Sewing Hope offers the first account of a bold challenge to apparel-industry sweatshops. The Alta Gracia factory in the Dominican Republic is the anti-sweatshop. It boasts a living wage three times the legal minimum, high health and safety standards, and a legitimate union—all verified by an independent monitor. It is the only apparel factory in the global south to meet these criteria.
The Alta Gracia business model represents an alternative to the industry’s usual race-to-the-bottom model with its inherent poverty wages and unsafe factory conditions. Workers’ stories reveal how adding US$0.90 to a sweatshirt’s production price can change lives: from getting a life-saving operation to a reunited family; from purchasing children's school uniforms to taking night classes; from obtaining first-ever bank loans to installing running water.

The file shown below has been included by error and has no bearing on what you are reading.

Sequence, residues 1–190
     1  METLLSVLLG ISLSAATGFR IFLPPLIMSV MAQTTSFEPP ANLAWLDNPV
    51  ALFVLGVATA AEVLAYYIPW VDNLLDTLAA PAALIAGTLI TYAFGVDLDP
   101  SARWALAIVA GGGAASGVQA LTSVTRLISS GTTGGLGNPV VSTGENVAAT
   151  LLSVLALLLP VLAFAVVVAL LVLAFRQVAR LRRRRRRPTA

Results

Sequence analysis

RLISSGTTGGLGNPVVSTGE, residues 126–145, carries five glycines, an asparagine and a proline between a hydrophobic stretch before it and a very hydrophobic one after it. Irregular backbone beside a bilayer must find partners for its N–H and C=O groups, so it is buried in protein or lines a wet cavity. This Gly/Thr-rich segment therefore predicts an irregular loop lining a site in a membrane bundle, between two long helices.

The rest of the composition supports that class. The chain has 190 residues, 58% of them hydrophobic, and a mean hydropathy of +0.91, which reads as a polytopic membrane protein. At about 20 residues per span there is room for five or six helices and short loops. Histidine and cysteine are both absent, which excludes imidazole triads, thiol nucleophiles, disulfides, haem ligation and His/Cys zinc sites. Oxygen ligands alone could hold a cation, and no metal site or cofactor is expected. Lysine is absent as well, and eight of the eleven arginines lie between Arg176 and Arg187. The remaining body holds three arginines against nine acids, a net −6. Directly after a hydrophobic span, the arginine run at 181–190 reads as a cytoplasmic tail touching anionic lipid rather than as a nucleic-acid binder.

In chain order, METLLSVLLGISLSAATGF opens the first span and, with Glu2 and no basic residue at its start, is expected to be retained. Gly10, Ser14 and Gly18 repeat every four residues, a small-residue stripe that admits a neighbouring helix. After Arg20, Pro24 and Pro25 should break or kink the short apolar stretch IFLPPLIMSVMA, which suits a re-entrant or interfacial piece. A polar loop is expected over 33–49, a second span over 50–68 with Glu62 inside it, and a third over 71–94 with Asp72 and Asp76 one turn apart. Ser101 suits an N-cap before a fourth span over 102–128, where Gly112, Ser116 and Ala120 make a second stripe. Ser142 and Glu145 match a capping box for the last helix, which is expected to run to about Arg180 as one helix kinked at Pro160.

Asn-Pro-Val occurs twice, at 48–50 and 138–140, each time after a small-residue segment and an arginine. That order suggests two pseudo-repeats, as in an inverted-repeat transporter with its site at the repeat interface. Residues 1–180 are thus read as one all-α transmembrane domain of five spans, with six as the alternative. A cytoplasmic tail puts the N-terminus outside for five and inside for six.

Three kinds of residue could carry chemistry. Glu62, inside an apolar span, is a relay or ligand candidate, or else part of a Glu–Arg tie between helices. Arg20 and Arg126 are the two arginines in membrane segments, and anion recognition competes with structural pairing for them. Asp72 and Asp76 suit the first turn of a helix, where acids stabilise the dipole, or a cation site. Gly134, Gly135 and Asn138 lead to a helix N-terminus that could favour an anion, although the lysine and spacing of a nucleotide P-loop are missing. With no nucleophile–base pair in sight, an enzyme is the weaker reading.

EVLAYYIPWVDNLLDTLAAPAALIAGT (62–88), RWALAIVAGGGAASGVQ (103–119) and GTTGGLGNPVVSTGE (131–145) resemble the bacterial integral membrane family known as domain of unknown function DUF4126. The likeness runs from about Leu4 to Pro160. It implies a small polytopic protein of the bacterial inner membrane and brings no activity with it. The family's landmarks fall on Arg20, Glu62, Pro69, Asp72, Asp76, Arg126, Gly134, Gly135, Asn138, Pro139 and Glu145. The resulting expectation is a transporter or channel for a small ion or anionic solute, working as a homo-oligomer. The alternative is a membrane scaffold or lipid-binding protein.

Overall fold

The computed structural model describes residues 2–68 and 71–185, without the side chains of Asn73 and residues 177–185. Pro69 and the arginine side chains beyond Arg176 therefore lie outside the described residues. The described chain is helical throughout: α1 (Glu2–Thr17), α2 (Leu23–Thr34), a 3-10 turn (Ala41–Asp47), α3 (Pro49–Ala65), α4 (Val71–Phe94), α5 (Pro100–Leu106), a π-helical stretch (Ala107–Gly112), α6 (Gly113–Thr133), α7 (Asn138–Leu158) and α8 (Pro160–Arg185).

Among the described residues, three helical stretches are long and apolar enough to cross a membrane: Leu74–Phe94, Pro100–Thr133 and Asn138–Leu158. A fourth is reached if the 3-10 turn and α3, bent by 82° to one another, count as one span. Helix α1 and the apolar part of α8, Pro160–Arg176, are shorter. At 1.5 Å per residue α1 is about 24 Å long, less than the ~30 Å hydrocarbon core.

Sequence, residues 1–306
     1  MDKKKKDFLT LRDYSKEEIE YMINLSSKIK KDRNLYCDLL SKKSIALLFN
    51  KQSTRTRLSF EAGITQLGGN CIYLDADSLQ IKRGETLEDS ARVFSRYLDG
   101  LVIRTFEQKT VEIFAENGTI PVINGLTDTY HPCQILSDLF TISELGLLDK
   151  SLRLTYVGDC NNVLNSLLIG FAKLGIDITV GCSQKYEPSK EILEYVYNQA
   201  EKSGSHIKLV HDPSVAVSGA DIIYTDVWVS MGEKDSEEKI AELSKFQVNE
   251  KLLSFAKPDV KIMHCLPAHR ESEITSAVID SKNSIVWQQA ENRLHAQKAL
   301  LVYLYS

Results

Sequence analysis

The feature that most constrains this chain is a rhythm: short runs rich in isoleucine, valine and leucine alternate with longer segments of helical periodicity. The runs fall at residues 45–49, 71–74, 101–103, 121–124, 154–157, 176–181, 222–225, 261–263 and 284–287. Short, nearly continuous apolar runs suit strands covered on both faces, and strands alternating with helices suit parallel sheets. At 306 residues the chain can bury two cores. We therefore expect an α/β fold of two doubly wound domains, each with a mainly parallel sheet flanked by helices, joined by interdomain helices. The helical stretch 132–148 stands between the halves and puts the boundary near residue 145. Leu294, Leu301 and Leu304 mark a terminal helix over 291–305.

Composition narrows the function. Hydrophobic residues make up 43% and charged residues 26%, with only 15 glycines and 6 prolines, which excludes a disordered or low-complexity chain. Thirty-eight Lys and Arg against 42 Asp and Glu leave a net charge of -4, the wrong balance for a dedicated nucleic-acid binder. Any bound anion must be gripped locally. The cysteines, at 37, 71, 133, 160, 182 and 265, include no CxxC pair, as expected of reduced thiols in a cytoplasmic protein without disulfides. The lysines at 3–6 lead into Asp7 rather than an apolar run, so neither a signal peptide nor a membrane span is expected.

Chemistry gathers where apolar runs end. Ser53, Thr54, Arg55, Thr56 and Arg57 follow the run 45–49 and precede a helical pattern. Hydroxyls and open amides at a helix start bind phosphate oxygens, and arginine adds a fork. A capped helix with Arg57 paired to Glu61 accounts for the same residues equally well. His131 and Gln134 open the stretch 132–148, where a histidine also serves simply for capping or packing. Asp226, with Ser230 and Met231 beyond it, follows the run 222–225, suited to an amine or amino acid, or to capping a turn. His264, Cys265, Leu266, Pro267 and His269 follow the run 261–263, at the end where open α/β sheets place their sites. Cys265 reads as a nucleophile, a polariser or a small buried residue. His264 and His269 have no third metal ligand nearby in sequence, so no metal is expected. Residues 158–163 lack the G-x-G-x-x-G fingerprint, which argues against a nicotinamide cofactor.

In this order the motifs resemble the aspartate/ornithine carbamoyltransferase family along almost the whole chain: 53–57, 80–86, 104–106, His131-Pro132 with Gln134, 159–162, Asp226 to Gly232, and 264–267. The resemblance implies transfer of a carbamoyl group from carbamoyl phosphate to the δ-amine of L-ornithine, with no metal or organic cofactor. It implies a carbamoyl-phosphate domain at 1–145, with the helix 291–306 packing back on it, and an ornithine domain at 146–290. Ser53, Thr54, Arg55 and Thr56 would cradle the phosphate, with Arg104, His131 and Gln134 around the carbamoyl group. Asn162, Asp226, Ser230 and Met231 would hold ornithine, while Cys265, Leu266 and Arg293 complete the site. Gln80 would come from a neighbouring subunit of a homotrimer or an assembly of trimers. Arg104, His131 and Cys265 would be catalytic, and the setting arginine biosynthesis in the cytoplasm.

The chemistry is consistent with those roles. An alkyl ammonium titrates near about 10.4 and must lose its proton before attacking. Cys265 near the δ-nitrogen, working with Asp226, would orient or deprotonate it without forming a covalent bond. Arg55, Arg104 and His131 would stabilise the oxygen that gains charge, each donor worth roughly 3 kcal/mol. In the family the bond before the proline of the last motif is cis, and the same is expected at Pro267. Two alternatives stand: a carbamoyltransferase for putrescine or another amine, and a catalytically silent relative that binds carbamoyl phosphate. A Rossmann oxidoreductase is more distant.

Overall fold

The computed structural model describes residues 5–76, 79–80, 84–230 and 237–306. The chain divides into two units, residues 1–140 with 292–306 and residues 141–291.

Sewing Hope invites readers into the apparel industry’s sweatshops and the Alta Gracia factory to learn how the anti-sweatshop started, how it overcame challenges, and how the impact of its business model could transform the global industry.
Alta Gracia pays a “living wage” more than three times the legal minimum wage, maintains excellent workplace health and safety standards, and has nego-tiated a collective bargaining agreement (CBA) with a workers’ union — all verified by an independent labor rights organization. The standard assumption is that competitive market forces would bankrupt any employer who dared follow such practices. Alta Gracia defies this conventional wisdom — and the factory appears to be viable.